The begonia genus spans so many species and flower forms, there seems to be no limit to the possibilities in breeding. One particular species that has been capturing a lot of attention from gardeners, landscapers and breeders is Begonia boliviensis.
The plant originates from cloud forests on the eastern side of the Andes in Bolivia and Argentina. These begonias were typically found in rock crevices and slopes near streams. Although it captured interest from European botanists in the 1860s, these begonias have only recently become commercially popular and widely available to gardeners with the first major variety, Bonfire, introduced by Anthony Tesselaar. Gardeners just loved the showers of pendulous red-orange blooms and serrated dark green foliage.
One breeder that has been working on improving these plants is Suntory Flowers in Japan. The Crackling Fire begonia series is new to the North American market and offers the widest color range with varieties available in red, white, pink, orange, yellow and creamy yellow. While Bonfire is long and pendulous, Crackling Fire plants are more compact and have shorter internodes and stems. The flowers are more outward facing than downward. Plants are sturdy, more compact, and more resistant to breakage.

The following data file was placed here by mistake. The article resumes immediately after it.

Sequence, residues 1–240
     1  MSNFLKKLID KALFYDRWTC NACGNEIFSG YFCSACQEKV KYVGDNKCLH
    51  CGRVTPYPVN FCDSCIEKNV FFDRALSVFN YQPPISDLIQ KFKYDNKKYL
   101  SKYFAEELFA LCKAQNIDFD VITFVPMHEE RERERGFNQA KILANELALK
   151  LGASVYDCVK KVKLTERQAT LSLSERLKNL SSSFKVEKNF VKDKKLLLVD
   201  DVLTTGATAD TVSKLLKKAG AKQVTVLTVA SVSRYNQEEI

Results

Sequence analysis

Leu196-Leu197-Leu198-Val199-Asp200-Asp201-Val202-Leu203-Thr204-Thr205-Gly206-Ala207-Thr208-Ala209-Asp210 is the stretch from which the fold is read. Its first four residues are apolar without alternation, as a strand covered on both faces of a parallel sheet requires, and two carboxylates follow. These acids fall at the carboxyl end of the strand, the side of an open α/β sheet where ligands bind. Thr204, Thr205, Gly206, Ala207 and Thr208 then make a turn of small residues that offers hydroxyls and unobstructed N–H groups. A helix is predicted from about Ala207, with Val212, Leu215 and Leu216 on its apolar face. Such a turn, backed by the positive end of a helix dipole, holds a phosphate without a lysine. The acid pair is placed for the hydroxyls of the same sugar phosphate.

Crackling Fire plants are easy to care for and do not require deadheading. They are also more sun and drought tolerant than other begonia species and fertilizer requirements are low. Try these versatile beauties in patio pots, window boxes, and hanging baskets.
About Delilah Onofrey:
For nearly 20 years, Delilah Onofrey was an editor for Greenhouse Grower magazine. She now is the director of Flower Power Marketing and is the founder of America in Bloom, a national beautification and community revitalization program. Delilah joined the Suntory Flowers marketing team last fall.
Posted October 11, 2013
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By Pamela Crawford, author, Easy Patio Veggies & Herbs
Photographs by Pamela Crawford
Pamela has written a great article about mixing herbs in containers. Herbs are natural companions with different textures for interest. The herb mix of parsley, sage, rosemary and thyme offers lots of flavor from a small combination loaded with textural interest.
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